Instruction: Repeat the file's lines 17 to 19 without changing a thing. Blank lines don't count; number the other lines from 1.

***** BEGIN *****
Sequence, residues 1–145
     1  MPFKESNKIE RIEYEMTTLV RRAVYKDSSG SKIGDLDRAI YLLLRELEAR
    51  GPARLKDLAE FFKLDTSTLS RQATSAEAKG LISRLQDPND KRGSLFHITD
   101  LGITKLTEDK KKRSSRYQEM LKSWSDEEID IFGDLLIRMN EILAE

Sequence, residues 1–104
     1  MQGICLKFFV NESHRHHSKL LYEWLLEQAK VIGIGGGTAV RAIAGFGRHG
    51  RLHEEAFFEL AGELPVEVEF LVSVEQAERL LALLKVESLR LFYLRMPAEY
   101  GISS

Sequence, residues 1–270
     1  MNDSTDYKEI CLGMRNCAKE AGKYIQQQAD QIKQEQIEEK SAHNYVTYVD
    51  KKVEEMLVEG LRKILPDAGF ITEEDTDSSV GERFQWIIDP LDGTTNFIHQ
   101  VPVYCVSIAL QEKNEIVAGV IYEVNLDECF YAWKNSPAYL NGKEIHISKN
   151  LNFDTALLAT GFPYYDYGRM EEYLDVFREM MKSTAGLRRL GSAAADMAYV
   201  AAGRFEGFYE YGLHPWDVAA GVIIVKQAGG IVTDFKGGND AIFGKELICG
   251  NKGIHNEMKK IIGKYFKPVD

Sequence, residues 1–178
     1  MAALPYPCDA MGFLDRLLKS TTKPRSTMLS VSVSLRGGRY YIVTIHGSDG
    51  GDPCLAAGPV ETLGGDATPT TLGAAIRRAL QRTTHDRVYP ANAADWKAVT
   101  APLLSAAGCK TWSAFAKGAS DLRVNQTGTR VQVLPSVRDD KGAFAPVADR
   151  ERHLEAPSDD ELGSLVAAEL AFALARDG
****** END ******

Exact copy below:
     1  MAALPYPCDA MGFLDRLLKS TTKPRSTMLS VSVSLRGGRY YIVTIHGSDG
    51  GDPCLAAGPV ETLGGDATPT TLGAAIRRAL QRTTHDRVYP ANAADWKAVT
   101  APLLSAAGCK TWSAFAKGAS DLRVNQTGTR VQVLPSVRDD KGAFAPVADR